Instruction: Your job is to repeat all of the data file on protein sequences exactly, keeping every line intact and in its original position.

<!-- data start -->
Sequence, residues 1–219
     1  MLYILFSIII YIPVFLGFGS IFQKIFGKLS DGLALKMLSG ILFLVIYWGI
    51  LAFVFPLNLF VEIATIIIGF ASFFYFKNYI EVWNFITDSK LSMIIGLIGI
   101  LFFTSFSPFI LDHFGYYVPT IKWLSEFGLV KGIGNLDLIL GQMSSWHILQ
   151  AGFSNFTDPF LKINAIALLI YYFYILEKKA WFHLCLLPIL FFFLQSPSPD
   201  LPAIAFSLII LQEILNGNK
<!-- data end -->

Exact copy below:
Sequence, residues 1–219
     1  MLYILFSIII YIPVFLGFGS IFQKIFGKLS DGLALKMLSG ILFLVIYWGI
    51  LAFVFPLNLF VEIATIIIGF ASFFYFKNYI EVWNFITDSK LSMIIGLIGI
   101  LFFTSFSPFI LDHFGYYVPT IKWLSEFGLV KGIGNLDLIL GQMSSWHILQ
   151  AGFSNFTDPF LKINAIALLI YYFYILEKKA WFHLCLLPIL FFFLQSPSPD
   201  LPAIAFSLII LQEILNGNK